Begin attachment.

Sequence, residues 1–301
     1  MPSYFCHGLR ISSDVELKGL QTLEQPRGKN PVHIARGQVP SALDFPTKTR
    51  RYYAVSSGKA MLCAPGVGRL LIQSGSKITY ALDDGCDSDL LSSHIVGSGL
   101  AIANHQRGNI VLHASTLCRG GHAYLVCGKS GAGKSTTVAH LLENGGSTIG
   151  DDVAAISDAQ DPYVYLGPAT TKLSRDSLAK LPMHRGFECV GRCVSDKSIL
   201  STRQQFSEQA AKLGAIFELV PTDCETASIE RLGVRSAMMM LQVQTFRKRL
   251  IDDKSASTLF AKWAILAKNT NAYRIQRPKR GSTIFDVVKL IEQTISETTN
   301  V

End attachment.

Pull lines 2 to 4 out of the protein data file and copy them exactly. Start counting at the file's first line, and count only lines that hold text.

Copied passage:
     1  MPSYFCHGLR ISSDVELKGL QTLEQPRGKN PVHIARGQVP SALDFPTKTR
    51  RYYAVSSGKA MLCAPGVGRL LIQSGSKITY ALDDGCDSDL LSSHIVGSGL
   101  AIANHQRGNI VLHASTLCRG GHAYLVCGKS GAGKSTTVAH LLENGGSTIG